According to Freddie Mac’s (OTCQB: FMCC) July Forecast an overall increase in home sales for the remainder of the year will be dampened by the ongoing shortage of homes for sale and rising house prices.

Sam Khater, Freddie Mac’s chief economist, says, “We expect to see stronger housing starts and increased home sales for the remainder of the year as homebuyers benefit from very attractive mortgage rates, lower prices at the gas pump, plus a gradual bump up in wages. While this affordability boost is welcomed, rising demand in the face of limited homes for-sale is likely to put even more upward pressure on house prices.”

Forecast Highlights

  • For the full year 2019, expect GDP growth of 2.1% as trade tensions and the waning effects of last year’s fiscal stimulus put downward pressure on growth.
  • Expect mortgage rates to follow Treasury yields with the 30-year fixed-rate mortgage averaging 4.1% in 2019, before decreasing modestly to 4.0% in 2020.
  • The house price appreciation forecast is expected to average 3.4% for 2019.
  • The housing starts forecast remains unchanged. Expect to see an increase to 1.26 million and 1.34 million new homes in 2019 and 2020, respectively.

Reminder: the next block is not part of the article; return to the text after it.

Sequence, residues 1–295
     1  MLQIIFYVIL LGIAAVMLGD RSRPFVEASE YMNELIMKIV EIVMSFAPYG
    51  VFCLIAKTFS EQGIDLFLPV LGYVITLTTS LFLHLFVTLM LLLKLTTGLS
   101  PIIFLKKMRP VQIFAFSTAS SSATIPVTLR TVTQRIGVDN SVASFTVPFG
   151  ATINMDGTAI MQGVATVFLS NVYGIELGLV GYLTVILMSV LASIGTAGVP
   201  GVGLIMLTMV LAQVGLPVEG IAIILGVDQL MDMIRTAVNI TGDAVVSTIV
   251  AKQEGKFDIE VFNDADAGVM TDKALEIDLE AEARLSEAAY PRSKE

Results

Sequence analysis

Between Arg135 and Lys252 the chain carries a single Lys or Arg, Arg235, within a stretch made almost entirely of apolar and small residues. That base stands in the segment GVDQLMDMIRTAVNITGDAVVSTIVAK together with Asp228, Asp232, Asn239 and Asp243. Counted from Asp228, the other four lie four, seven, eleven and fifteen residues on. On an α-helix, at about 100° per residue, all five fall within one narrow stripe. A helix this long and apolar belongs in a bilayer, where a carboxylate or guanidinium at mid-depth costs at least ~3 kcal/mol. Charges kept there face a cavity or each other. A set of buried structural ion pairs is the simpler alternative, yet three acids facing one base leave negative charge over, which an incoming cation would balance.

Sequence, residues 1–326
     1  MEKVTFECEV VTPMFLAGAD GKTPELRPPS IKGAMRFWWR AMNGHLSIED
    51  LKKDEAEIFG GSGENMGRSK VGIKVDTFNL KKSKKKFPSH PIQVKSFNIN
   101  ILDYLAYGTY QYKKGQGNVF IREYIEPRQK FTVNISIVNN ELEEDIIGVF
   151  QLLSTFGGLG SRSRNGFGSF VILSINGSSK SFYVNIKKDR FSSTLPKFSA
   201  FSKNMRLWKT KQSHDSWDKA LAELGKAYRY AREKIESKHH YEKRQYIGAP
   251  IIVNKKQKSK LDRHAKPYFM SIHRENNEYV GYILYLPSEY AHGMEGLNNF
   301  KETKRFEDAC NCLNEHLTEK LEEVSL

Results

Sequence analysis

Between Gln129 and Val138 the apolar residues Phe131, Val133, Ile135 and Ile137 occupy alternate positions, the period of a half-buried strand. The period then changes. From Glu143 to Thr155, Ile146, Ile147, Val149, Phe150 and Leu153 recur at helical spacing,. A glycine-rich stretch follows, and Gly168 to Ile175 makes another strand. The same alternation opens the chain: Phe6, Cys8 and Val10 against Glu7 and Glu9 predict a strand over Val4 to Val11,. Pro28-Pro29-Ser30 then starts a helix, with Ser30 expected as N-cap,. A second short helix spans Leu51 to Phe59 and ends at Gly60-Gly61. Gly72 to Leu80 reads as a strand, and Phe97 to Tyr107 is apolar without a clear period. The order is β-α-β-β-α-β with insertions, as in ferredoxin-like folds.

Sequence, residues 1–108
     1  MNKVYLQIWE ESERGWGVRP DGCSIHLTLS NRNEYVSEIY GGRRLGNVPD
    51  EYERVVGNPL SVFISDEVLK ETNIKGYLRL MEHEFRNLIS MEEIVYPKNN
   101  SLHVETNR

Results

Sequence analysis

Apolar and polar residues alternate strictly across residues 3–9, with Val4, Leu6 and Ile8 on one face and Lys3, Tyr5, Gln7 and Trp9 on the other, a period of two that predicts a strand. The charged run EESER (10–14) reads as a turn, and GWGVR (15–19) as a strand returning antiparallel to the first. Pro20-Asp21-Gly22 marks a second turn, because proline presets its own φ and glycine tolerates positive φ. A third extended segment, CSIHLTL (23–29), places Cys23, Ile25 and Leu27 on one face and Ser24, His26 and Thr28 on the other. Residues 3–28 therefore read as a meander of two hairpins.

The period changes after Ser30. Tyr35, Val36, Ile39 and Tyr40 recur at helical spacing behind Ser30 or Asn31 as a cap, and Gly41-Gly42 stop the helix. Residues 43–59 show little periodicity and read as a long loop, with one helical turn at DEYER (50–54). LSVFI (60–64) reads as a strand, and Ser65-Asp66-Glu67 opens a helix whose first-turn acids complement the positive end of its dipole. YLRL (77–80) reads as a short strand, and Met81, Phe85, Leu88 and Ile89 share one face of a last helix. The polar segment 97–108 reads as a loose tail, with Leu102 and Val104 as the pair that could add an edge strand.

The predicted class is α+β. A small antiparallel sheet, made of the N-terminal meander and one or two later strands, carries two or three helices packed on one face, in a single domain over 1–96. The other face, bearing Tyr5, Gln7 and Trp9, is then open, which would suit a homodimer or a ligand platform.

• Given the combination of increased homebuyer demand and housing supply shortage, expect home sales to be 6.00 million in 2019, before reaching its 2017 levels in 2020 at 6.12 million.
  • With continued low mortgage rates, expect refinance origination volume to rise above 30% in 2019 and lower mortgage rates to translate into higher annual mortgage origination levels of $1.8 trillion and $1.7 trillion in 2019 and 2020, respectively.

Freddie Mac makes home possible for millions of families and individuals by providing mortgage capital to lenders. Since our creation by Congress in 1970, we’ve made housing more accessible and affordable for homebuyers and renters in communities nationwide. We are building a better housing finance system for homebuyers, renters, lenders, investors, and taxpayers. Learn more at, Twitter @FreddieMac, and Freddie Mac’s blog

Chad Wandler